Long before Banksy, in the early years of the 1970’s Colette anonymously created numerous large street paintings, until her identity was discovered by Willoughby Sharp of Avalanche magazine. Shortly thereafter, she was interviewed by the Fluxus artist Al Hansen, while creating one of her works, entitled “The Ear.” While filming, the performance was cut short as police arrived and the artists tried to escape. Colette managed to hide herself in a nearby building but Hansen was caught and held for questioning. He refused to give up Colette’s name and was eventually released. Her street paintings were ephemeral, never meant to last, but word of mouth spread quickly around the neighborhood’s of New York when one of her works magically appeared seemingly overnight. Her work “The Lips” was very well known as it covered the entire intersection of West 57th Street, and her work “It Was Here,” covered a very long section of Federal highway in front of the Norton Museum. Her most grandiose street painting performance however was on Friday the 13th, 1974 during a solar eclipse, where she had painted Aristotelian quotes again in the street in front of the Norton, and ended with a sleeping performance on the steps of the Museum. This performance however, the police did manage to interrupt, and though initially held by police she was thankfully not arrested.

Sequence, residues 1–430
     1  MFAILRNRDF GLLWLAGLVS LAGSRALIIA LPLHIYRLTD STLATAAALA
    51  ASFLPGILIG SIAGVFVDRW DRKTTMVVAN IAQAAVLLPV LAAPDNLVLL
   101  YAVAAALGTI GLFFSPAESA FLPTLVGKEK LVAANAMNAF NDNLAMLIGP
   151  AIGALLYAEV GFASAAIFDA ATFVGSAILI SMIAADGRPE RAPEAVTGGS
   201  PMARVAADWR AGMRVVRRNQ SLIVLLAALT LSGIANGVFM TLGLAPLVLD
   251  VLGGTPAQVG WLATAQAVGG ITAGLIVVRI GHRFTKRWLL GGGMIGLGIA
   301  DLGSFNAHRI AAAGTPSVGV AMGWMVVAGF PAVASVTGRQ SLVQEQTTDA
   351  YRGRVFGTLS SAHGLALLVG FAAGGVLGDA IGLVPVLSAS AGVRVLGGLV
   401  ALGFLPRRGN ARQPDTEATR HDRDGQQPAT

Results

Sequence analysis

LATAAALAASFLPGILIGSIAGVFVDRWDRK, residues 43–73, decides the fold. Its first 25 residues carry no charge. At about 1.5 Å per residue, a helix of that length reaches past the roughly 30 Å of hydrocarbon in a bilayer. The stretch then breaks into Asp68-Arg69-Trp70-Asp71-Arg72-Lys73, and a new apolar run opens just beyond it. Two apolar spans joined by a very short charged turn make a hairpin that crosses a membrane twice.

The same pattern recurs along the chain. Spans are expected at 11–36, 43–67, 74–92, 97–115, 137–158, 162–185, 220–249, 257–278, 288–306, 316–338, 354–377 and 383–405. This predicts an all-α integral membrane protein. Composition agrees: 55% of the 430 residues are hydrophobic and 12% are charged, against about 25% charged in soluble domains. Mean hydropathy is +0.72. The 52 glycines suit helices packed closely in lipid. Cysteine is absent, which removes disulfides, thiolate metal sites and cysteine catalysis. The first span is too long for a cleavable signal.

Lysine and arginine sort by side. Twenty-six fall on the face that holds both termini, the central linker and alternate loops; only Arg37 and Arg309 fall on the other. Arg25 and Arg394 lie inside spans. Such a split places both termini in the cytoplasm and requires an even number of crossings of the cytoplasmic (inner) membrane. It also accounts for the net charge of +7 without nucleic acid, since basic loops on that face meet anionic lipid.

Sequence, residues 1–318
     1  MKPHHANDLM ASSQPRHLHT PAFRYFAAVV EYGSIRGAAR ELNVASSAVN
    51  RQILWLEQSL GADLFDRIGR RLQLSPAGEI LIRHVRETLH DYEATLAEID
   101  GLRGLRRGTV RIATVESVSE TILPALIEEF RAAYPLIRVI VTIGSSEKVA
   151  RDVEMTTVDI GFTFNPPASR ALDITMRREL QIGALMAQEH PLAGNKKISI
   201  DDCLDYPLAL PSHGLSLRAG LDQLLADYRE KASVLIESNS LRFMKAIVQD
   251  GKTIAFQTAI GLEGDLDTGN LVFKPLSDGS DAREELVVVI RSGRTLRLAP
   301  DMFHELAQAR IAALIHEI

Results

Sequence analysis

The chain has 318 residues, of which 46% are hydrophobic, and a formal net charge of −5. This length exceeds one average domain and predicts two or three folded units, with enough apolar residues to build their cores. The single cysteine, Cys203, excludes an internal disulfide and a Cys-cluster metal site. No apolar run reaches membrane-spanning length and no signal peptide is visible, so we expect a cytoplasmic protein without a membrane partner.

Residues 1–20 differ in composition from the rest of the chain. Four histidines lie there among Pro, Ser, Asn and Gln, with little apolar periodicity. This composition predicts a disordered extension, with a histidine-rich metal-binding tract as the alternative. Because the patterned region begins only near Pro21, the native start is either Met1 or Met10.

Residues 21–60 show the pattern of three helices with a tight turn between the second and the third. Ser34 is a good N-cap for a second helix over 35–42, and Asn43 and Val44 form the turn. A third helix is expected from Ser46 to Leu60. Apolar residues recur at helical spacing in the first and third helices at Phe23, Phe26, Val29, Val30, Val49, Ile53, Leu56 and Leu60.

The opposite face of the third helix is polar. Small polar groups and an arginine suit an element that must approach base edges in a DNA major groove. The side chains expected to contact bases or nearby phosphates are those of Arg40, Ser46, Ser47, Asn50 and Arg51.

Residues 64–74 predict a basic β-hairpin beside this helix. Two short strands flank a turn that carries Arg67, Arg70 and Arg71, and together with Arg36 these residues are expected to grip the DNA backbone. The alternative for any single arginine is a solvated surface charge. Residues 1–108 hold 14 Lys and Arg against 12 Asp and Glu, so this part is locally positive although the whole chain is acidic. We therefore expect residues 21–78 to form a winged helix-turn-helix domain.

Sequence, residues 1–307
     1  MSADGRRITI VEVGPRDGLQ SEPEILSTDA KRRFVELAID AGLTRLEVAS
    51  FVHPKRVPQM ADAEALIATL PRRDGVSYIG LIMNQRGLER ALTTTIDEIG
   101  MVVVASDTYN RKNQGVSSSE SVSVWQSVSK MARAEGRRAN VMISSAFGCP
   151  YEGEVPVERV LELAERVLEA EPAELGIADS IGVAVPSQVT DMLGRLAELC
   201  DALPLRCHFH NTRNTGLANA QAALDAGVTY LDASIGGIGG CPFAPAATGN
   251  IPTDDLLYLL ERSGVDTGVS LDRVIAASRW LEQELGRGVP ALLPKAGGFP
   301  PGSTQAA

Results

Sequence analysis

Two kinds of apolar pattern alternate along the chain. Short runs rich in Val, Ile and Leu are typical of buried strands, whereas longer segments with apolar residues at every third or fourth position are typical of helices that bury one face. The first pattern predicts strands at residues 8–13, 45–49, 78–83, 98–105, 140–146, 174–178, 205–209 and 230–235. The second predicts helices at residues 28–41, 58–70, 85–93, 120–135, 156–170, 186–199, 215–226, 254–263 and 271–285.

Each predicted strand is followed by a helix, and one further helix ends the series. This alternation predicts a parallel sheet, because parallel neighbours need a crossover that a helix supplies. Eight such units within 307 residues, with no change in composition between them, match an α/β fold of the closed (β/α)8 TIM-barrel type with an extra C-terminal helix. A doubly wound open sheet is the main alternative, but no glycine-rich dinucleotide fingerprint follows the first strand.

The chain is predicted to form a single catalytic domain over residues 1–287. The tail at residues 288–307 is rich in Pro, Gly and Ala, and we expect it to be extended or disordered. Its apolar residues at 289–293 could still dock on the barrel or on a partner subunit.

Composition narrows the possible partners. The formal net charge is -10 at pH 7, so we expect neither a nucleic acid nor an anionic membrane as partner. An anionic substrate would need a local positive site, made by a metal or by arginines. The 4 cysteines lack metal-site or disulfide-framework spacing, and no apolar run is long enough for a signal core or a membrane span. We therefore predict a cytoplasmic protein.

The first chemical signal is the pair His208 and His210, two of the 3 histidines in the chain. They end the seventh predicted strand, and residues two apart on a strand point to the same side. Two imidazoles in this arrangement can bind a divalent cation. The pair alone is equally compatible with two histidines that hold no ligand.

Colette Lumiere: “The Ear”
– 1973, New York, parts 1 and 2
Throughout the rest of the 1970’s (and really, still through to today), her unique, iconic mode of dress began to influence the fashion world as a whole. Her habit of wearing undergarments such as bloomers, corsets, garters, etc., as her everyday clothing, influenced at first the New York scene but quickly the world. A young Madonna in New York in the late 1970’s was one of the most famous of the time to have intentionally or not, absorbed Colette’s style and sass into her own wardrobe and persona. More contemporary artists, such as Lady Gaga, can also find the roots of their fashion in the style that Colette pioneered decades before. In 2012 this could not have been more clear when the New York department store known as Barney’s, decorated their display window with a Lady Gaga inspired theme. However, the design of the window was nearly identical to windows that Colette had performed in during the 1970’s, using undeniably Colette elements, such as her distinctive use of scrunched silk and fabric. This prompted a gentle performance and street-art protest from the artist, in the hopes of elevating conversation in the art world to consider art versus commerce, individual versus corporation, and where the line is to be drawn between inspiration and plagiarism.